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John McDonnell: 'Under Labour 16-year-olds could get a vote on Brexit’

John McDonnell Image copyright Getty Images

16-year-olds would get a vote in a second Brexit referendum under a Labour government.

That's according to John McDonnell - Labour's shadow chancellor.

Speaking to Radio 1 Newsbeat ahead of a vote on Labour's Brexit policy at party conference, Mr McDonnell says "if you're 16, we want you to have a vote".

"The most important thing for 16-year-olds is - let's give them the vote, let's trust them," he adds.

Labour have previously said in their 2017 election manifesto that they would "reduce the voting age to 16" from 18 - but with no reference to a second referendum.

John McDonnell - the second most important politician if Labour form a government - says he wants 16-year-olds to "participate in a referendum" where there will be an option of Remain or leaving the EU with an agreed deal.

"I'd like them to vote Remain, but that's part of the debate we've got to have," he says.

In Scotland, 16 and 17-year-olds voted for the first time in the Scottish independence referendum in 2014.

A bill was then passed in 2015, lowering the voting age to 16 for local and Scottish parliament elections.

Image caption Some delegates at Labour Party conference agree with the idea of lowering the voting age to 16

Give them a voice

Becky Gittens, 24, says now is the right time to give 16-year-olds a voice in the argument.

"Since 2016, we've been making decisions that will affect 16-year-olds more than it will affect 65-year-olds who have the vote.

"Which isn't an argument for disenfranchising older people, but it's definitely an argument to enfranchise younger people."

Anthony Tucker, 23, says Brexit "is a decision that's going to have an effect" for the next 30 to 40 years.

"I think a lot of 16 and 17 year-olds are going to be very angry if they don't get a chance to shape the future they're ultimately going to live in."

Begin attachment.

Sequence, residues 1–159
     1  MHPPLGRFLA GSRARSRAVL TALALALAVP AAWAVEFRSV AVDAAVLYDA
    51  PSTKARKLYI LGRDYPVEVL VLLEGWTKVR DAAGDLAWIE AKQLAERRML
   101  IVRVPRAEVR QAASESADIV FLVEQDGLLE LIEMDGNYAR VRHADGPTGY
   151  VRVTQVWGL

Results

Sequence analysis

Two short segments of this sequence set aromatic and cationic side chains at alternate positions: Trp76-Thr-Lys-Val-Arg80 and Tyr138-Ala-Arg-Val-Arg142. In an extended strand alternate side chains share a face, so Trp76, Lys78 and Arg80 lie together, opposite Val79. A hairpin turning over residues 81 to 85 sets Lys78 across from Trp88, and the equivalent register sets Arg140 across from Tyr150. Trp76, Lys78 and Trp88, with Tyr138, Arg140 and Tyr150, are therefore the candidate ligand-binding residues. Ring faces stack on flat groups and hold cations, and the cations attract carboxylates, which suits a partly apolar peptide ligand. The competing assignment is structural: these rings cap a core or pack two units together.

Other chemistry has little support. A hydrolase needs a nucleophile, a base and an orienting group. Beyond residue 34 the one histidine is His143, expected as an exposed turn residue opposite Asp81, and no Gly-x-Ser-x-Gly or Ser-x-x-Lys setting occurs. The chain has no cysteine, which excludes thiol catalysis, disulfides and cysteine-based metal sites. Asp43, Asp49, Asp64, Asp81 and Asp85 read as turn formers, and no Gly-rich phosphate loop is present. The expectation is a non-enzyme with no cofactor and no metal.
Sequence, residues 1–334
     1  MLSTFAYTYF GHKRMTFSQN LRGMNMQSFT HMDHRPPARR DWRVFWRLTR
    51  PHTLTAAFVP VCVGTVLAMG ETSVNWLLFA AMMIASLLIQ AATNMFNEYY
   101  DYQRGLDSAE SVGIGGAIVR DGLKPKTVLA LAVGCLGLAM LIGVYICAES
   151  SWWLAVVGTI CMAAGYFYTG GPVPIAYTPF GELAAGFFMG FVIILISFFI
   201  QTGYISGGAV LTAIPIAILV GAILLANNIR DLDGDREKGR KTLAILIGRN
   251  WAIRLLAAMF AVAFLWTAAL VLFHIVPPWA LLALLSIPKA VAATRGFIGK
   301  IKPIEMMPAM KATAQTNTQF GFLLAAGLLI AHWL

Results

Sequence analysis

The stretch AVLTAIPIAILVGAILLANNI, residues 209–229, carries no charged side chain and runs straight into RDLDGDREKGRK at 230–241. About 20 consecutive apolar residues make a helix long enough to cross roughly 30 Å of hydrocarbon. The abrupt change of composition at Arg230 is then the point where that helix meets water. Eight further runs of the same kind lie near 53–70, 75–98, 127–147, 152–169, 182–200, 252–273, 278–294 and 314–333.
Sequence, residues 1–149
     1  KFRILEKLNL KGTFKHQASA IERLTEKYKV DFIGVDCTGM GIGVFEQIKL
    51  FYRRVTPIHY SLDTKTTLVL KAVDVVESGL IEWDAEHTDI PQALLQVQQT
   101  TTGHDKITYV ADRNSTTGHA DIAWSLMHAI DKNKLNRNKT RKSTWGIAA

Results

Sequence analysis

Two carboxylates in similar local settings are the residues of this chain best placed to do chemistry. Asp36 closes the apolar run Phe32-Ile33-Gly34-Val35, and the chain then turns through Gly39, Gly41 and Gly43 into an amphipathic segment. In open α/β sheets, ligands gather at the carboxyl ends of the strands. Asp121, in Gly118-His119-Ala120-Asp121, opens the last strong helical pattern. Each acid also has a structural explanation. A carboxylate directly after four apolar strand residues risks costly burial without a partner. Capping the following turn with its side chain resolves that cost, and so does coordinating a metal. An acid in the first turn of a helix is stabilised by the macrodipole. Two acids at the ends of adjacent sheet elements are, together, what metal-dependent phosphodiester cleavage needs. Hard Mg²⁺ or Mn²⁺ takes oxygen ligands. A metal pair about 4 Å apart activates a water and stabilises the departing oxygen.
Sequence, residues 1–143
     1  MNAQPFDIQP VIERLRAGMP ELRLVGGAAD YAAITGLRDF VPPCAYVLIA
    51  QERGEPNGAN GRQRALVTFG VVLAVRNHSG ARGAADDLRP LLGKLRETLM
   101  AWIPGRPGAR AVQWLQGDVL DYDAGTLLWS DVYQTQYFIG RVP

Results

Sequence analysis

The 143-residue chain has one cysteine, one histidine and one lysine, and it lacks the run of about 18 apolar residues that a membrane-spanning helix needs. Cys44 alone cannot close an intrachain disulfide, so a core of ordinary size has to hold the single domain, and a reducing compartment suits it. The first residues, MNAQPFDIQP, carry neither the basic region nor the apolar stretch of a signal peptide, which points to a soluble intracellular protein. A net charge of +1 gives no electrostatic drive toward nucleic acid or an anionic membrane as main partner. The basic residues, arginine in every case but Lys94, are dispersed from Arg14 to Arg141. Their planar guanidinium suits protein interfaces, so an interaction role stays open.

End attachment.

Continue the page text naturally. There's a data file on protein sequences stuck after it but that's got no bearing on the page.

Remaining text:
Image copyright Hani Mustafa
Image caption Hani Mustafa thinks giving 16-year-olds the vote in another referendum would be unfair

Not everyone agrees

For Hani Mustafa, an 18-year-old Brexit supporter, "it wouldn't be fair".

Hani's not in favour of a second referendum "because it wouldn't really solve anything" and would do nothing "to resolve the tension".

But if there was to be one - "it would have to be the same question, same legislation, same rules and same conditions".

"If 16-year-olds couldn't vote in the first one, it wouldn't be very fair if they had the choice in this one".

He says that he doesn't disagree with the wider idea of 16-year-olds having a vote - but would only consider supporting it if it applied in all elections - from local to national.

But Hani adds that he's "not convinced" that 16-year-olds are ready for it.

"Was I really in the best place to vote at 16 years old? No. I think it's one of those things to wait for."

In 2017, the then-Prime Minister Theresa May, ruled out lowering the voting age, saying 18 years was "right".

And the Liberal Democrats say on their website that they want to extend the right to vote in all elections and referendums to 16 and 17 year olds.

Newsbeat has contacted the Labour Party, Conservative Party and Liberal Democrat party for comment but they have not yet responded.

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